Nothing pretty. That’s what.
All we wanted was a free Hot Wheels car.
What we got was four elevator trips, three panic attacks, a pair of almost-soiled panties, one wrestling match and some tears.
A chance meeting in the hall at BlogHer12 turned into a spontaneous trip up to the 42nd floor suites, where some companies were giving away free goodies. We all had forgotten about the existence of our kids by then, and decided to run up there to see if we could each get a little something to bring home to them.
We waited in the elevator bank with 700 other people, happily chatting and talking about how that day’s lunch was nowhere as delicious as yesterday’s.
I was feeling the beginnings of a certain biological need, but thought to myself, How long could this little trip possibly take?
We had plenty of time to pop upstairs, check out one suite, use the bathroom, and get back down in time for the closing speeches, right?
What could possibly go wrong?
It didn’t take long to notice that we were standing in front of the express elevator. As in, expressly travelling from the floor below us to the ones way above us, never stopping where we were.
Side Note: It was in this sardine can hurling towards the sky that it was confirmed:
I could nurse Punchy while standing up, such is the stretch of space between our respective heights. We totally could have rocked that Time Magazine cover.
Anyway, after multiple stops for non-BlogHer hotel residents who must hate every last one of us, we get upstairs, eventually find the suite and start checking out all the cool new stuff. In about 30 seconds, Beardy and Belle arrive, apparently with invisible tickets in hand to an Express Elevator for Special Folks.
Just the sight of the suite’s restroom out of the corner of my eye made it clear to me that I didn’t have much more time to mess around looking at toys. I needed to get to my room, pronto. I had the quickly increasing urge to colon purge.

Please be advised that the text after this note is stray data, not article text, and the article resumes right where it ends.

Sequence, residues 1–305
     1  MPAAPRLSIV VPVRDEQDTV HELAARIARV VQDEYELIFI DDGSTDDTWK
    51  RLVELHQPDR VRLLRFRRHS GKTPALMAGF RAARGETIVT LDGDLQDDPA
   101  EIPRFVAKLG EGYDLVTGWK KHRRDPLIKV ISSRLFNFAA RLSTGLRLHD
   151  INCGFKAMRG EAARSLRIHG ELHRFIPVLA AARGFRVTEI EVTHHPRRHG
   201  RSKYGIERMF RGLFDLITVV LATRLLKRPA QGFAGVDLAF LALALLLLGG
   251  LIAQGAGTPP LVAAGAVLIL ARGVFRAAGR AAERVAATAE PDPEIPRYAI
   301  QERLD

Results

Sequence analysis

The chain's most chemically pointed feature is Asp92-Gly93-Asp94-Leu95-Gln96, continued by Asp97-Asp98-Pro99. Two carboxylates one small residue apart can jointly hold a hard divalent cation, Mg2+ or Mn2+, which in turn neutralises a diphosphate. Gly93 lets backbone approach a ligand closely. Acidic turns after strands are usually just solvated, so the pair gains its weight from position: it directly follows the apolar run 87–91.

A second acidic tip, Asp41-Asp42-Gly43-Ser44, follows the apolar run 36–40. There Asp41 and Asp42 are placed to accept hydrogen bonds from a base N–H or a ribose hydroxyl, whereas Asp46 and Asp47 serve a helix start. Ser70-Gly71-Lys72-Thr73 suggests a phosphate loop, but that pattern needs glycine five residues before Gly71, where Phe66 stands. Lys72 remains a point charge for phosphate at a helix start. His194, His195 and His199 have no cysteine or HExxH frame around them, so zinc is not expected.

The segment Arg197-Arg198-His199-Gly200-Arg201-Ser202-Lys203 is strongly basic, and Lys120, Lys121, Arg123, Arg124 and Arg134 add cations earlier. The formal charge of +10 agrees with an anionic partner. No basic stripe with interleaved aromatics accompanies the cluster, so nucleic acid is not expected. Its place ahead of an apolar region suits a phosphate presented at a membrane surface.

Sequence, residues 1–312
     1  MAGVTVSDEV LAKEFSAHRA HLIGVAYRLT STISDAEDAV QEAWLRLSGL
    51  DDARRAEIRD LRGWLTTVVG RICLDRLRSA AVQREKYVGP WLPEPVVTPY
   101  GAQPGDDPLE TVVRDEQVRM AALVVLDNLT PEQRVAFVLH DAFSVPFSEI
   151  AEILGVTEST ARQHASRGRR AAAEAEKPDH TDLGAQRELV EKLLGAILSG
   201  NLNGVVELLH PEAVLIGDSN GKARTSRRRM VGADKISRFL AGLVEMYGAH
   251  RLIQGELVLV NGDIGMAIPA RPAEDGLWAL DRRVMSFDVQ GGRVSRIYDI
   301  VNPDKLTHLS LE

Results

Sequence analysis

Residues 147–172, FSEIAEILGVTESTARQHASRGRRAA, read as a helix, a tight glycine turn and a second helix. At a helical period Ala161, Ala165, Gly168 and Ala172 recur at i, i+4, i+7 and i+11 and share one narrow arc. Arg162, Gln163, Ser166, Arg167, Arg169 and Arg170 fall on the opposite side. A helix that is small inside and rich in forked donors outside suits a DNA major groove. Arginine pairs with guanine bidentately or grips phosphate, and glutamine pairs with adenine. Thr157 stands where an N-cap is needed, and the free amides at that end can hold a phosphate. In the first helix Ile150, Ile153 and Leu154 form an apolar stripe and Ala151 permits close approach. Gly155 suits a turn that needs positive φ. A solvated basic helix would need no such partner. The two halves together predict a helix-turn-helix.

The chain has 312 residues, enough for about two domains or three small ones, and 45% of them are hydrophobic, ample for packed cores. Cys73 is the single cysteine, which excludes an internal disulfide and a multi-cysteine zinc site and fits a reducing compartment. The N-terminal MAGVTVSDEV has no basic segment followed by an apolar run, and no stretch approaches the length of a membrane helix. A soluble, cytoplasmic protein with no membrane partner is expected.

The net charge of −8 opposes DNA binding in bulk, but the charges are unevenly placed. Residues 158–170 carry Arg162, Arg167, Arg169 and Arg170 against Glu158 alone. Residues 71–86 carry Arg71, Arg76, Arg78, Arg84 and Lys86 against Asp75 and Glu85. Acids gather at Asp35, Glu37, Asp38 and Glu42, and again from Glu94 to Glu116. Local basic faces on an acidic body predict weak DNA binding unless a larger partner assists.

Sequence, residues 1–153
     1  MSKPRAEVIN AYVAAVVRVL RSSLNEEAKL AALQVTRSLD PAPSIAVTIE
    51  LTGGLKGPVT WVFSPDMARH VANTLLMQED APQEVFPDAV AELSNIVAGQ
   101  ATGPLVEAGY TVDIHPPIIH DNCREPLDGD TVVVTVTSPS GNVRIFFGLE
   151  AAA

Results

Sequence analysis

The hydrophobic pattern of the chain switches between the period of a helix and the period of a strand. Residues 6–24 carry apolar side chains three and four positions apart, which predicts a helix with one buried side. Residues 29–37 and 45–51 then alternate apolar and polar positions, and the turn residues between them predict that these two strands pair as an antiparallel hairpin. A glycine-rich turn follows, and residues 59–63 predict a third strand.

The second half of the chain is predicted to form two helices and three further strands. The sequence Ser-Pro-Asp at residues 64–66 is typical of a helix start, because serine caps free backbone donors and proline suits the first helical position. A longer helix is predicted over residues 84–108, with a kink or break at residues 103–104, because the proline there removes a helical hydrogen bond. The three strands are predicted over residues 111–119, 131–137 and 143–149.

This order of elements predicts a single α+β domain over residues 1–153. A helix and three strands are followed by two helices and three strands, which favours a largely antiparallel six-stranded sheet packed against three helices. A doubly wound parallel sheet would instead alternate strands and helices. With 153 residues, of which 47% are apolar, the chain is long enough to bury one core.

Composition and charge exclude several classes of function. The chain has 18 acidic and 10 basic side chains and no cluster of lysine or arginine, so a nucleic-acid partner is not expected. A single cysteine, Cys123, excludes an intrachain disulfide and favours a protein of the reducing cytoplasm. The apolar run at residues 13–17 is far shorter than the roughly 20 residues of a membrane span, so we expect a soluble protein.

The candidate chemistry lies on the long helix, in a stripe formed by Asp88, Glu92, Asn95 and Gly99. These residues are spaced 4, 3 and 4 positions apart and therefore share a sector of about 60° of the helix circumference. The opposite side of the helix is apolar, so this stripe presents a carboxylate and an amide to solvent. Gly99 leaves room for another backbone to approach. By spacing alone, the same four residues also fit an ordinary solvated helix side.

We stroll back towards the elevator bank, and while we’re talking I notice Beardy lean over to whisper something to Belle, and I could read everything she was thinking in the set of her shoulders:
– There’s a long, complaining line of people waiting at the elevators.
– There’s a dude in a neon green tee in front of us who must weigh a solid 4 bills.
– She’s afraid of elevators.
When I touch her arm and she turns around, I can see the panic in her eyes. We all agree to take the stairs.
On our way there, I begin clenching my colon because things are getting rather dire in my downtown.
Thank God for Anal Kegels.
As we’re headed for the stairs, a Miracle Boy swings open a door and sends us inside to his Super-Secret Service Elevators with a smile. I’m hoping at least one of the ladies behind me gave him a quick snog of gratitude.
We stood in the metallic room waiting for the elevators with a couple employees and us. Manageable. Hopeful. Tittering nervously.
Starting to panic.
The ding of the elevator took forever, but there was an audible sigh of relief from all of us (and the Quinoa Salad wrestling with my colon) as the doors opened.
Then many things happened all at once:
– The two employees entered the elevator
– Beardy, Goddess & I shoved our way in next
– Punchy & Belle filed in on the other side
– Two women with massive rolling bags decided to smush their way in, causing an alarm to start blaring
– Beardy went into Full Code RED, WHITE & BLUE (PILLS) Alert, trying to push the women with the bags out of the elevator